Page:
David Pearson’s Provenance Research in Book History: a Handbook (London, 1994, repr. with new introduction, 1998) refers to various printed finding-aids for auction and booksellers’ catalogues in the Bodleian:
- List of Catalogues of English Book Sales 1676–1900 now in The British Museum (London, 1915), for which see Pearson pp. 139–40. This covers the BM’s collections, as they were in 1915, and only includes auction sales. The Bodleian possesses two annotated copies: one is an interleaved copy (shelfmark 2590 d. Lond. 1 c.24), partially annotated with Bodleian shelfmarks. The other copy is a photostat (shelfmark X.2.14/BML) of the extensively annotated copy which belonged to the Cambridge bibliographer A. N. L. Munby (see Pearson p. 140), marked up more fully with Bodleian shelfmarks.
- Munby himself, along with Lenore Coral, compiled British Book Sale Catalogues, 1676–1800: a Union List (London, 1977), listing retail and auction sales chronologically (Pearson p. 139). The Bodleian’s copy of this is on the open shelves at X.2.14/MUN.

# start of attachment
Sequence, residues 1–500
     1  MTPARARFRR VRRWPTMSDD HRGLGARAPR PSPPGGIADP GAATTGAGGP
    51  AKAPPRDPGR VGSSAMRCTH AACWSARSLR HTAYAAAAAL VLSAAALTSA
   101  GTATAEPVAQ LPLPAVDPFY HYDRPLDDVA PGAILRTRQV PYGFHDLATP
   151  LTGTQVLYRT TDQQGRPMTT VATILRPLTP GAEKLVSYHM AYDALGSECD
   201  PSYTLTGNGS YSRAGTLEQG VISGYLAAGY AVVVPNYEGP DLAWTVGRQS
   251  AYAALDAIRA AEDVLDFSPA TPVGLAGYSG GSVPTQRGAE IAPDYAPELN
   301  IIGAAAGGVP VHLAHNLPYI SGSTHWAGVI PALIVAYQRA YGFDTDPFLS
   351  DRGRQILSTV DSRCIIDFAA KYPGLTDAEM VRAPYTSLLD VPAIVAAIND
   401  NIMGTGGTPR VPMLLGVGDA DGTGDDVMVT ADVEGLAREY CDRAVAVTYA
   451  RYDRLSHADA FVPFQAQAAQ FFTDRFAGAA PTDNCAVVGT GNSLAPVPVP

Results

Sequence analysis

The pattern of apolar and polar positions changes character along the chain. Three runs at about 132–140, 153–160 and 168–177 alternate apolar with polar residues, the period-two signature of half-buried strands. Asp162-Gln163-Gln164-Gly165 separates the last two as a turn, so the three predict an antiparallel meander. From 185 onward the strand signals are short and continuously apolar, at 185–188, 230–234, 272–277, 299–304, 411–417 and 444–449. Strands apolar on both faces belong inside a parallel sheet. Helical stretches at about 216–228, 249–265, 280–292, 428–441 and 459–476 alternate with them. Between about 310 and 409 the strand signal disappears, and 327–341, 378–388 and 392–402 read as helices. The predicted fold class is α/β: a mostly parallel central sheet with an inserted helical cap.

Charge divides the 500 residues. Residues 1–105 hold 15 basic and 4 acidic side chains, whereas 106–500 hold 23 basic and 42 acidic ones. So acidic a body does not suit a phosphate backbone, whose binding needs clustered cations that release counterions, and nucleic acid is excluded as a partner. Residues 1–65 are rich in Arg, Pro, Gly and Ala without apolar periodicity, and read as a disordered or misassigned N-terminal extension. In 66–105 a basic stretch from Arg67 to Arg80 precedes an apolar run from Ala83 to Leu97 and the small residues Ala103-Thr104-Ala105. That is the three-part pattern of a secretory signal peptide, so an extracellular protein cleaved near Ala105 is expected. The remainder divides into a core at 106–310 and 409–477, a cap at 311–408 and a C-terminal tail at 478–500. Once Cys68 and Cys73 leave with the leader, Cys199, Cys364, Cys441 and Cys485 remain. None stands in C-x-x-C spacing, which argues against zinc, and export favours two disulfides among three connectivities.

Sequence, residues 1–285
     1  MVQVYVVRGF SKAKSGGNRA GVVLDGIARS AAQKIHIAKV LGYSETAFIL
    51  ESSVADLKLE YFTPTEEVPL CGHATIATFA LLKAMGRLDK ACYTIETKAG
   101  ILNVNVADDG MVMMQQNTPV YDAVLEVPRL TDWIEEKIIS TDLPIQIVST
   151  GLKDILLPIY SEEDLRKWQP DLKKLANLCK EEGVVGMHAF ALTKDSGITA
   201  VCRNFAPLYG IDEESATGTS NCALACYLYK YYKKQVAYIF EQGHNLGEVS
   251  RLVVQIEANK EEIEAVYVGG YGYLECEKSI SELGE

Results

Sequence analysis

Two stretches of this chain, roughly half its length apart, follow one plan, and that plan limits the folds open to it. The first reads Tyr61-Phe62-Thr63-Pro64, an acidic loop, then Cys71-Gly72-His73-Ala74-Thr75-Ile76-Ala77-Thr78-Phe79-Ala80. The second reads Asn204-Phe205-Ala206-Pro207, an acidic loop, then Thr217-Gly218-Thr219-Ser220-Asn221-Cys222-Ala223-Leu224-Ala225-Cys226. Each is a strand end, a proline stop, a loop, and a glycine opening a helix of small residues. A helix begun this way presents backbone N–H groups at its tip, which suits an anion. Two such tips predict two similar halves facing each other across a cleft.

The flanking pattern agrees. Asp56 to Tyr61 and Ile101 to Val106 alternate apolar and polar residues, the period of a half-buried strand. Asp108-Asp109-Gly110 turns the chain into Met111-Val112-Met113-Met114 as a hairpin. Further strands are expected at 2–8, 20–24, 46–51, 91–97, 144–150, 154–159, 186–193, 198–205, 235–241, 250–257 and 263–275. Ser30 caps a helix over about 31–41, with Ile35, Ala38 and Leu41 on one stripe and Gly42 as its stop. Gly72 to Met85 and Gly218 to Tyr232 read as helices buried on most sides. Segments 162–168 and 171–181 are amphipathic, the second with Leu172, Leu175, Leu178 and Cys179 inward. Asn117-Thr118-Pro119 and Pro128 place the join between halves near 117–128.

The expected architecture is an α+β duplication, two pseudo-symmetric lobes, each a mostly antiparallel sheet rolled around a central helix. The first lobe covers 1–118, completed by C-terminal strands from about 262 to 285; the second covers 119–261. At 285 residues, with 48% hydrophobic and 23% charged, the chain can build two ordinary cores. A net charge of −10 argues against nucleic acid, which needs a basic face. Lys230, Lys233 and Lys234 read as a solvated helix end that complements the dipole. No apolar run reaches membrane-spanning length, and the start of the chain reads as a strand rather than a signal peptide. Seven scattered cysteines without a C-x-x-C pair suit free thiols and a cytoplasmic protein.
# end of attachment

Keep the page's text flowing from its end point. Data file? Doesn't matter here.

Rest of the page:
- Robin Alston’s Inventory of Sale Catalogues of Named and Attributed Owners of Books Sold by Retail or Auction 1676–1800: an Inventory of Sales in the British Isles, America, United States, Canada, and India, 2 vols (St Philip, Barbados, 2010). This work, by the former Head of the School of Library, Archive and Information Studies at University College London, discusses (at pp. 4–5 of his preface) its predecessors. Alston updates and augments the work of his predecessors by including, for example, more detail in the entries, and adding the dates of the person whose books were being sold, a full title, and a list of extant copies. The Bodleian’s copy is at X.2.14/ALS.
- The Bodleian also has a relatively scarce resource, namely a copy of the published microfilms of the marked-up Sotheby’s catalogues (Films 866); boxes may be ordered via SOLO in the usual way. At X.2.14/SOT.1 is ‘Sotheby’s Catalogue of Sales: A Guide to Microfilm Collections’. This covers sales from 1734 to 1945. Within each year, the sales are divided by category, for example, ‘autograph letters’, ‘books’, ‘manuscripts, western’, ‘manuscripts, oriental’, etc.
Details of some book auctions (both British and continental) may be found in Frits Lugt, Répertoire des catalogues des ventes publiques intéressant l’art ou la curiosité, 3 vols (The Hague, 1938–64) [shelfmark X.2.14/LUG]], although Lugt focuses mainly on sales of art and objects.
- Further information on American auction catalogues may be found in George L McKay, American Book Auction Catalogues 1713–1934: a Union List (New York, 1937) [shelfmark X.2.14/McK]
- Still looking for information on book auctions? Check out the X.3 section on the open shelves in the Weston Library